The Supreme Court of Canada announced today that it will hear a group of appeals concerning the statutory limitation period applicable to securities class actions for secondary market misrepresentations brought under Part XXIII.1 of the Ontario Securities Act. The appeal ofGreen v. CIBC in particular may also have important implications (i) for determining the threshold for granting leave to proceed with a statutory claim for secondary market misrepresentations and (ii) for the certifiability of common law misrepresentation claims.

Limitation Period under the Securities Act

Part XXIII.1 of the Securities Act establishes a statutory cause of action for misrepresentations affecting the price of securities on the secondary market. It also requires a plaintiff to obtain leave to proceed with such a statutory claim within three years of the date that the alleged misrepresentation is made. If a plaintiff does not obtain leave and commence its action within three years, the claim will be statute-barred under section 138.14.

Decision of the Court of Appeal in Green v. CIBCSilver v. Imaxand Celestica

Earlier this year, a specially convened five-judge panel of the Court of Appeal found its prior decision in Sharma v. Timminco was incorrect, and instead held that the limitation period for class action claims will be suspended once a plaintiff:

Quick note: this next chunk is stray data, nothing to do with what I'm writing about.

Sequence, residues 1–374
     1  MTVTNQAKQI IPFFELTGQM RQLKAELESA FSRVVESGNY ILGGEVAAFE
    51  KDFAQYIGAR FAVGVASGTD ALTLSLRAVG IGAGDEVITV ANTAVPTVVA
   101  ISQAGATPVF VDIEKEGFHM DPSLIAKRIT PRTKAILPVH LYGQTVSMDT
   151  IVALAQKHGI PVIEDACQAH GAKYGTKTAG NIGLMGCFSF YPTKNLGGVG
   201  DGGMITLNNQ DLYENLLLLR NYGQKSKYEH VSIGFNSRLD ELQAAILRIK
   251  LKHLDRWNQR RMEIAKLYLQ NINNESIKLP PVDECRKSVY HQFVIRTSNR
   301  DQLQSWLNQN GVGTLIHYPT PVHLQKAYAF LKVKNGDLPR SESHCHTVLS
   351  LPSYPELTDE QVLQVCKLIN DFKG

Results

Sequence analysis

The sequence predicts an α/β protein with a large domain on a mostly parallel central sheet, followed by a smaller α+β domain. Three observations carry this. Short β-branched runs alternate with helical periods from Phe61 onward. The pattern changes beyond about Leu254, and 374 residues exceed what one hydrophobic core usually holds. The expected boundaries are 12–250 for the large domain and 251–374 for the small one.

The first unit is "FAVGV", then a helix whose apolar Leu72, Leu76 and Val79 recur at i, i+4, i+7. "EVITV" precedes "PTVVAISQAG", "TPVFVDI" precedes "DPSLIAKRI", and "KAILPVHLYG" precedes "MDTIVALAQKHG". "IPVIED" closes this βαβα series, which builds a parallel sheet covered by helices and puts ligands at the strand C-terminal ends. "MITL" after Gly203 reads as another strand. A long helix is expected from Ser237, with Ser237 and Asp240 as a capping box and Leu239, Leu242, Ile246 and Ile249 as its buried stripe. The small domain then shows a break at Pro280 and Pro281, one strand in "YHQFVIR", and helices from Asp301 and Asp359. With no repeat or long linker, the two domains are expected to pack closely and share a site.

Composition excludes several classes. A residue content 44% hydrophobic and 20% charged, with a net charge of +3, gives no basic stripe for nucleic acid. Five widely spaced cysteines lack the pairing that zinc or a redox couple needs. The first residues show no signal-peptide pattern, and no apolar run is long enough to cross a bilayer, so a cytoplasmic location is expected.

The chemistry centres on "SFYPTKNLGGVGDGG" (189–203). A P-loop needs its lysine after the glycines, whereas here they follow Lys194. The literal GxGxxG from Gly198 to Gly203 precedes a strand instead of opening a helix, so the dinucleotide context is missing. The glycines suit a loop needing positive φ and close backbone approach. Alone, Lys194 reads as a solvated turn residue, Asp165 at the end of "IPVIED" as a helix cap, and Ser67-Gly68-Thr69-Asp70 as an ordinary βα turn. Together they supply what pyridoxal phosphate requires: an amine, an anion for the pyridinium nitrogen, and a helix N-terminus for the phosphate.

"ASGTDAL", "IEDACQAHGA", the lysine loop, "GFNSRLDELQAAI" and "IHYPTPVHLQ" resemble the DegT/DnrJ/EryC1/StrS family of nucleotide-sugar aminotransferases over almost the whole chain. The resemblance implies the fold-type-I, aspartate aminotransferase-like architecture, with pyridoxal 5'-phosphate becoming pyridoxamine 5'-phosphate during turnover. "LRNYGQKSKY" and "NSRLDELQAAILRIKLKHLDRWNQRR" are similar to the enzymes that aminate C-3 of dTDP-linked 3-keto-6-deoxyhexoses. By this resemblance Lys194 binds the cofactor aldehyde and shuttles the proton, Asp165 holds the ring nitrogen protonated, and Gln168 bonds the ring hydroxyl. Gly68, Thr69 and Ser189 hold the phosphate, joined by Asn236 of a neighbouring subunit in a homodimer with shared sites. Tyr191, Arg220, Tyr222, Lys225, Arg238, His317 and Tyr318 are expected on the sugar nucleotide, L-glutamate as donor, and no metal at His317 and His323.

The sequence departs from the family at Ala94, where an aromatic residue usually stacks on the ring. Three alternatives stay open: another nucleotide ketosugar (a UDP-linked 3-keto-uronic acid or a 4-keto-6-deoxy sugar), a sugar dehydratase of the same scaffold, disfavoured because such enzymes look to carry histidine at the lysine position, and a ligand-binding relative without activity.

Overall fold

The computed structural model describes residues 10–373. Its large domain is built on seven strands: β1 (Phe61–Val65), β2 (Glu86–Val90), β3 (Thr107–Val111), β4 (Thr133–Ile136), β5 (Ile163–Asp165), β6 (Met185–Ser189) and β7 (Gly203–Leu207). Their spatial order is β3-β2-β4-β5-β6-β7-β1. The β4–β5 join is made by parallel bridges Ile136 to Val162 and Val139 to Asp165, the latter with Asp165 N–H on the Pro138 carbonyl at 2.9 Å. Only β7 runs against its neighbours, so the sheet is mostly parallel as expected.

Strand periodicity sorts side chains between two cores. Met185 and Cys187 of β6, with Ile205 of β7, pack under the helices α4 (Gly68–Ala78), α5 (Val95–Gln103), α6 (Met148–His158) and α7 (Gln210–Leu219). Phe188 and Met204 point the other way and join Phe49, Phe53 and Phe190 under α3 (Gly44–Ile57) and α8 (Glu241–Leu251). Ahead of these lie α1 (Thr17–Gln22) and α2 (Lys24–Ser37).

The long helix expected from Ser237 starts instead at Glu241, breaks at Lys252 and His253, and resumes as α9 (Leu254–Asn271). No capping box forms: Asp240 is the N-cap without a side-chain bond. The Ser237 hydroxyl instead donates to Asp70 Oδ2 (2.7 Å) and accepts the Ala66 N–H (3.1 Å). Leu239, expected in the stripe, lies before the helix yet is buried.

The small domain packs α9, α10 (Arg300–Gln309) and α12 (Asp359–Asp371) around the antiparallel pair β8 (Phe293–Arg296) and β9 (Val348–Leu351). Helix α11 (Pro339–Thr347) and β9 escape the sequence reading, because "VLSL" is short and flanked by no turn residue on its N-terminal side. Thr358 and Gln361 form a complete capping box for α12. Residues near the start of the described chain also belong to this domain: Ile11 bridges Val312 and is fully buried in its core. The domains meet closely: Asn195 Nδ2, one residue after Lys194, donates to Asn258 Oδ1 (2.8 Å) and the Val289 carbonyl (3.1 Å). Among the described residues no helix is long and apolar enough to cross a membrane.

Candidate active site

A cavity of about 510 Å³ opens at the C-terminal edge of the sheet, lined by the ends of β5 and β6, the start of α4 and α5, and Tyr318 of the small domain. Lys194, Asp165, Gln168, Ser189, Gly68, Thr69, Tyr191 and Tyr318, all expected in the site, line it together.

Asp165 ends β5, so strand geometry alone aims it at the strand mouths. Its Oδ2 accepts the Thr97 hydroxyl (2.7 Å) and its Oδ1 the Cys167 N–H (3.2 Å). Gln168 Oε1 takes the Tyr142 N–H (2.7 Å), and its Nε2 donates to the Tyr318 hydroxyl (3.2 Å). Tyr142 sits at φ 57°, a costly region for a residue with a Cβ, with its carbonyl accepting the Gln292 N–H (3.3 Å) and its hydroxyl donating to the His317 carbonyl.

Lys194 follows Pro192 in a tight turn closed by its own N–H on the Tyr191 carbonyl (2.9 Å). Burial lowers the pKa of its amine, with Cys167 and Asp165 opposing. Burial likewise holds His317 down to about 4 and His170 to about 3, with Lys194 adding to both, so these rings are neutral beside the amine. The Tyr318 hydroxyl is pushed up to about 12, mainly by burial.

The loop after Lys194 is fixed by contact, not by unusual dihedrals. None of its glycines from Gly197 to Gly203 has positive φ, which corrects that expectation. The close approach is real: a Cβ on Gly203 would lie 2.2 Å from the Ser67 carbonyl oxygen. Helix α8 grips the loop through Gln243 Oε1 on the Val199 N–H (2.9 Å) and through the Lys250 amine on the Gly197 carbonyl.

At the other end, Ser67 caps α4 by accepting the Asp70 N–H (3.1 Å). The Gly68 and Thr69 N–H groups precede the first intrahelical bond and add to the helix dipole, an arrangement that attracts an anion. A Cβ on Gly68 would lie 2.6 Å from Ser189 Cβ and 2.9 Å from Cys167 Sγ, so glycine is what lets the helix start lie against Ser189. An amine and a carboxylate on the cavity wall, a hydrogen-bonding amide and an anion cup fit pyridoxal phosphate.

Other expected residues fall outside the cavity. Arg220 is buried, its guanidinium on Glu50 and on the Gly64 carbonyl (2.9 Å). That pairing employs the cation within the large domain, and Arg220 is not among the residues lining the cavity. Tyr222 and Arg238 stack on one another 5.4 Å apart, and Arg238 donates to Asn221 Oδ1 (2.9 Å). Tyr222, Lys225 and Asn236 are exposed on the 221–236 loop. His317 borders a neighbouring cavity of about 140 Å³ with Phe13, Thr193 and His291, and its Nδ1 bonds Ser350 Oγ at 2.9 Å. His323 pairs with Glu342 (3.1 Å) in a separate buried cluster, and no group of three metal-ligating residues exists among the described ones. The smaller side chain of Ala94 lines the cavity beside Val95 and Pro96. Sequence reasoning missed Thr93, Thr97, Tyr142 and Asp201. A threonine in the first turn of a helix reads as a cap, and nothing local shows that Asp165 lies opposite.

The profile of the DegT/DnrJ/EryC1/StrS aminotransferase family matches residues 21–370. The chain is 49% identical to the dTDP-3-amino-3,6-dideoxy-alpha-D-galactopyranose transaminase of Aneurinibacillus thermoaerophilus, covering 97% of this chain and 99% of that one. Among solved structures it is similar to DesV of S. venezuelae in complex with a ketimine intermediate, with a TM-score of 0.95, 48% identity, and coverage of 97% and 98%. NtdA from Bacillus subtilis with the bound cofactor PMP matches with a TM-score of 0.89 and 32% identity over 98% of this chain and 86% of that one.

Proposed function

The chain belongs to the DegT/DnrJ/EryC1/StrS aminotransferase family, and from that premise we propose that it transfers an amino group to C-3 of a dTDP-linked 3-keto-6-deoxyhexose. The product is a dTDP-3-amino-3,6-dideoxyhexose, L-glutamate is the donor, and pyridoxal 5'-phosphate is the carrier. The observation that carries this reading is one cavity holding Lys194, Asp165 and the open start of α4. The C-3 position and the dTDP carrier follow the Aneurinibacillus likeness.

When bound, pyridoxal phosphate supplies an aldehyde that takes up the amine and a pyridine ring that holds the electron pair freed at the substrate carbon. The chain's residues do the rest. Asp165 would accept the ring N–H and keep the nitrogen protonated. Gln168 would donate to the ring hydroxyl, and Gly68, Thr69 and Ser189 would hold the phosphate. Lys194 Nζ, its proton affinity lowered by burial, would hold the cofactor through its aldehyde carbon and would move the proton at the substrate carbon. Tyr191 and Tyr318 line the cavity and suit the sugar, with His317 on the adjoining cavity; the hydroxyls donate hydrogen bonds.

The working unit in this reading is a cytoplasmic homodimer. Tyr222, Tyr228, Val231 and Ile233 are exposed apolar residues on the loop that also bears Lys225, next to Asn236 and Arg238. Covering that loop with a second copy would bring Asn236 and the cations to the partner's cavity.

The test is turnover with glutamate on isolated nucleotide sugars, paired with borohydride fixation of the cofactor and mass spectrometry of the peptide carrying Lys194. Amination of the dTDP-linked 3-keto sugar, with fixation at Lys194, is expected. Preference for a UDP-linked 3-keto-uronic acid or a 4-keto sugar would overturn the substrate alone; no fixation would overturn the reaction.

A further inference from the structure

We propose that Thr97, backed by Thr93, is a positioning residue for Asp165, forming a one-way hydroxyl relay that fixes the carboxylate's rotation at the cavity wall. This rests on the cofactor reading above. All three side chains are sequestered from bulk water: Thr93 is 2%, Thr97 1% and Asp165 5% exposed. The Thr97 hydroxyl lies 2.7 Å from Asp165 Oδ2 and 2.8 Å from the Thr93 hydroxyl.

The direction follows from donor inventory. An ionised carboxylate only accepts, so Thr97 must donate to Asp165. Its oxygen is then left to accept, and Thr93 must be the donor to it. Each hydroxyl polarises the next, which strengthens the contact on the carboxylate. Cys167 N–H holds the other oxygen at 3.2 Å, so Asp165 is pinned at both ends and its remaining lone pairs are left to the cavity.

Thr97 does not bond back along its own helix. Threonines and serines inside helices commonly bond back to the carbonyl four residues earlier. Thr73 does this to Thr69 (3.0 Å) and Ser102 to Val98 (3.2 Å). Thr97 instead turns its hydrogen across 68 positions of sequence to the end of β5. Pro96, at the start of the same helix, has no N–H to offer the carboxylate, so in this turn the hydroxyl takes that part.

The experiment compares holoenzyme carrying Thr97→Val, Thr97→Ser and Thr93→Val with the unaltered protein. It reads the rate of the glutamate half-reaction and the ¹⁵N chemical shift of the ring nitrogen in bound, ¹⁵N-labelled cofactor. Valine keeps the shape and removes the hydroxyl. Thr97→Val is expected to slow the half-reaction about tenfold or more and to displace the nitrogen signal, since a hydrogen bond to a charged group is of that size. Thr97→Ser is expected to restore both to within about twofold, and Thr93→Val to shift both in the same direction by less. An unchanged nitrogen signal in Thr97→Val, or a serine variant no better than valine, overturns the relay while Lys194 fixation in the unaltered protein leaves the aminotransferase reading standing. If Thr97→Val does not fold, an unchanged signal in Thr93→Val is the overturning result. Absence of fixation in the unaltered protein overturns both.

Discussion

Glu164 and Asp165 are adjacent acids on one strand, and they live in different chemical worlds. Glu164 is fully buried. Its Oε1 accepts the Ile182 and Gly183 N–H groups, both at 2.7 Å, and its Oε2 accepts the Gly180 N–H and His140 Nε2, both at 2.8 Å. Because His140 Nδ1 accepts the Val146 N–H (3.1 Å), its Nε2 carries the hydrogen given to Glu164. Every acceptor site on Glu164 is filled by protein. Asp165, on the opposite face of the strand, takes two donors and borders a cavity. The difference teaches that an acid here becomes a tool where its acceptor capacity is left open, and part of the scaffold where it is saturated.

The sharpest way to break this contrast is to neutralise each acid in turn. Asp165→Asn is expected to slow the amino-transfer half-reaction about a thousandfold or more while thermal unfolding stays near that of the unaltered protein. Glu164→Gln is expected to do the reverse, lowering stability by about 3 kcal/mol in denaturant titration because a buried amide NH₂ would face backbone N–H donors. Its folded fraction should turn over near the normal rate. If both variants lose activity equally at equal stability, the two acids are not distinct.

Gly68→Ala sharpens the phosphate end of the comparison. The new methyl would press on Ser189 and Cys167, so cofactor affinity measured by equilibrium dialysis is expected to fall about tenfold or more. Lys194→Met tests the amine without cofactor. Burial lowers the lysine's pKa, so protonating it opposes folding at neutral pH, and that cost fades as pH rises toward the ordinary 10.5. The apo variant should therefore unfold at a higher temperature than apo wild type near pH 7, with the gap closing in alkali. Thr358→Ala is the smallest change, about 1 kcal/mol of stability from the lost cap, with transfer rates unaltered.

1. Pleads a cause of action based on section 138.3 of the Securities Act; and
  2. Pleads the intent to seek leave.

With respect to Green v. CIBC, the Court of Appeal also:

  • Considered the merits test for obtaining leave to bring a claim under Part XXIII.1 of the OntarioSecurities Act, holding that the test for leave is higher than a “mere” possibility of success: it requires a “reasonable” possibility of success; and
  • Confirmed that neither the ‘fraud on the market doctrine’ nor the ‘efficient market theory’ can supplant the need to prove individual reliance in common law misrepresentation claims. As a result, the issue of reliance could not be certified as a common issue.

The SCC’s Decision to Grant Leave to Appeal

The SCC previously refused leave to appeal the Court of Appeal’s decision in Sharma v. Timminco, but seems to have determined that the time is now ripe to weigh in on the statutory limitation period issue. Should the SCC overturn the Court of Appeal’s most recent decision, plaintiff’s counsel may no longer be able to wait until certification to seek leave to pursue these statutory claims.